Williams’ %R

The Williams’ %R, developed by Larry Williams, is very similar to the Stochastic Study, except that the Stochastic has internal smoothing whereas the %R is plotted on an upside-down scale, with 0 at the top and -100 at the bottom. (To show that the %R is plotted in this fashion, the software places a negative sign before the %R values. For the purposes of this discussion, ignore the negative sign.) The %R oscillates between 0 and 100%; a value of 0% shows that the closing price is the same as the period high. Conversely, a value of 100% shows that the closing price is identical to the period low.

The Williams’ %R is designed to show the difference between the period high and today’s closing price with the trading range of the specified period. The study, therefore, shows the relative situation of the closing price within the observation period.

Properties

Period. The number of bars in a chart. If the chart displays daily data, then period denotes days; in weekly charts, the period will stand for weeks, and so on. If you specify a small value for the length of the trading range, the study may become volatile. Conversely, a large value smoothes the %R, and it generates fewer trading signals. The application uses a default of 10.

Interpretation

Noted author and commodity trader, Larry Williams, developed a trading formula called the %R. In his original work, the method examined ten trading days to determine the trading range. Once the ten day trading range was determined, he calculated where today’s closing price fell within that range.

The system attempts to measure overbought and oversold market conditions. The %R always falls between a value of 100 and 0. The trading rules are simple. You sell when %R reaches 20% or lower and buy when it reaches 80% or higher. However, as with all overbought/oversold studies, it is wise to wait for the instrument’s price to change direction before placing a trade. If an overbought/oversold study, such as the Stochastic or Williams’ %R, shows an overbought level, the best action is to wait for the contract’s price to turn down before selling. For examining the contract’s price, the MACD study is a good technical study. Selling simply because the contract seems to be overbought may take a trader out of the instrument long before the price falls, because overbought/oversold studies can remain in an overbought/oversold condition for a long time even though the contract’s prices continue to rise or fall.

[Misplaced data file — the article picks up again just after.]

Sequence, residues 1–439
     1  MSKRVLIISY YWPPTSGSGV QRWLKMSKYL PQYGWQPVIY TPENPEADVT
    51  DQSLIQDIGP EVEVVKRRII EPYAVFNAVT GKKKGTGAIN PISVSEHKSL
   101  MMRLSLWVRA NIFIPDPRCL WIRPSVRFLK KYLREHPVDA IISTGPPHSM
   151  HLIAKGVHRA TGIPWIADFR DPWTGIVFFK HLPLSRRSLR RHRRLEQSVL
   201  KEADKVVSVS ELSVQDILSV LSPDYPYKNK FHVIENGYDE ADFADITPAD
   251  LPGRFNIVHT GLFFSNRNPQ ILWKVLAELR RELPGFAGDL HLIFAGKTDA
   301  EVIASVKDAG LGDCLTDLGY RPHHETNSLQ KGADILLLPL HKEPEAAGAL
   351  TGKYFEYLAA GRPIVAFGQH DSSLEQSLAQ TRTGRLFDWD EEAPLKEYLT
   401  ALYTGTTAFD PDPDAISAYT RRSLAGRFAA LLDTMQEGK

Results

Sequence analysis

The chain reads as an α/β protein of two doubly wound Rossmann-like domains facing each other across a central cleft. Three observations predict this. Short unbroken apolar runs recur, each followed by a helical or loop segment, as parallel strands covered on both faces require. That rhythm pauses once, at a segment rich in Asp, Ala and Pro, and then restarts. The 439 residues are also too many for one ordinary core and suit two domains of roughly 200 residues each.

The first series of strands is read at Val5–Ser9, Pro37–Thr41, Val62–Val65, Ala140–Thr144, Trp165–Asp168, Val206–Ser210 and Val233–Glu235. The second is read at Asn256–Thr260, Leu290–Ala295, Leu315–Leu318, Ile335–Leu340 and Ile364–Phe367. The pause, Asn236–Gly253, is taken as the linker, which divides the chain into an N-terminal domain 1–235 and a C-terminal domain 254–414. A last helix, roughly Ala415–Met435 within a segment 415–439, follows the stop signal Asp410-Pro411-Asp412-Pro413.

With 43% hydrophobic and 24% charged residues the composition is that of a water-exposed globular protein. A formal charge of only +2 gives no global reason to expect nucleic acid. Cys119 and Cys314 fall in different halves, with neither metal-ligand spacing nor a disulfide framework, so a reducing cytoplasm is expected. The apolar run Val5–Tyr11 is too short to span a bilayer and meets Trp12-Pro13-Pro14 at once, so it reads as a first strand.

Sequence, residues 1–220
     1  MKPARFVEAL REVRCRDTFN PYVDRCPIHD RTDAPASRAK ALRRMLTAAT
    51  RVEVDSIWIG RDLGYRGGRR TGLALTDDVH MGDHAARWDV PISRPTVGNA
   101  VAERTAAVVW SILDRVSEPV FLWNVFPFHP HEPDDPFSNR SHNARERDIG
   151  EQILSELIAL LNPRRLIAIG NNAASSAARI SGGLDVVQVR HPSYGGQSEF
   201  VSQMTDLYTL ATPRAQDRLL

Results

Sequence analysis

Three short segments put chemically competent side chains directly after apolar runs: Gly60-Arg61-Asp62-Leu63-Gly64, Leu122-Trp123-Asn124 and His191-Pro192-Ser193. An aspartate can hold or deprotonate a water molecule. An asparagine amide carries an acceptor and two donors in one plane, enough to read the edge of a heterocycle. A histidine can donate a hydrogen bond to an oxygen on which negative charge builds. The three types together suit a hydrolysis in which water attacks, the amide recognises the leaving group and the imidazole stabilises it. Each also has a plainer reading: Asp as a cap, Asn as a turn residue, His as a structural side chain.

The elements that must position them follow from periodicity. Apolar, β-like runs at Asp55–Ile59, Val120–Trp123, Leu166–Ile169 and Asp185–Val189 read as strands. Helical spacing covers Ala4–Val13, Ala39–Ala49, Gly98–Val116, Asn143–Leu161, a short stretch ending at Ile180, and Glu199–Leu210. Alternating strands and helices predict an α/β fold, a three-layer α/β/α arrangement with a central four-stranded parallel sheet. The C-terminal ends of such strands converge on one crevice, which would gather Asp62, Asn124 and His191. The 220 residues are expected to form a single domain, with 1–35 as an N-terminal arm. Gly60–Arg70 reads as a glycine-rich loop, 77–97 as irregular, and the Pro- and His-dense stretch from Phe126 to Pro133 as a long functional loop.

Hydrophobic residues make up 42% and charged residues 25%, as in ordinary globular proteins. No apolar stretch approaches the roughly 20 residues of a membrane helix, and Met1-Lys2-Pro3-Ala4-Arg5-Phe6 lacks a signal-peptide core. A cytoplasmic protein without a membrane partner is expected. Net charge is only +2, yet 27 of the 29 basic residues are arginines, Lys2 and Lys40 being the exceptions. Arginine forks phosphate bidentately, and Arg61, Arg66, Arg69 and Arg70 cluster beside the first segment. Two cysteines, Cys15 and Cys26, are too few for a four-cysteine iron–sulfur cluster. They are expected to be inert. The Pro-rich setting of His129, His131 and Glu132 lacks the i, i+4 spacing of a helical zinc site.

Please note that these values are reversed from normal thinking, especially if you use the RSI as a trading tool. The %R works best in trending markets, either bull or bear trends. Likewise, it is not uncommon for divergence to occur between the %R and the market. It is just another hint of the market’s condition.

Williams defines the following trading rules for his %R:

Buy when
  • Williams’ %R reaches 100%, and
  • five trading days have past since 100% was last reaches, and
  • after which the Williams’ %R again falls below 85/95%.
Sell when
  • Williams’ %R reaches 0%, and
  • five trading days have past since 0% was last reached, and
  • after which the Williams’ %R again rises about 15/5%.

Literature

Williams, Larry. How I Made $1,000,000 Last Year by Trading Commodities. Windsor Books. NY. 1979.

Colby, Robert F., Myers, Thomas A. The Encyclopedia of Technical Market Indicators. Dow Jones – Irwin. Homewood, IL. 1988.

Murphy, John J. The Visual Investor. New York, NY: John Wiley & Sons, Inc. 1996.

Content Source: FutureSource

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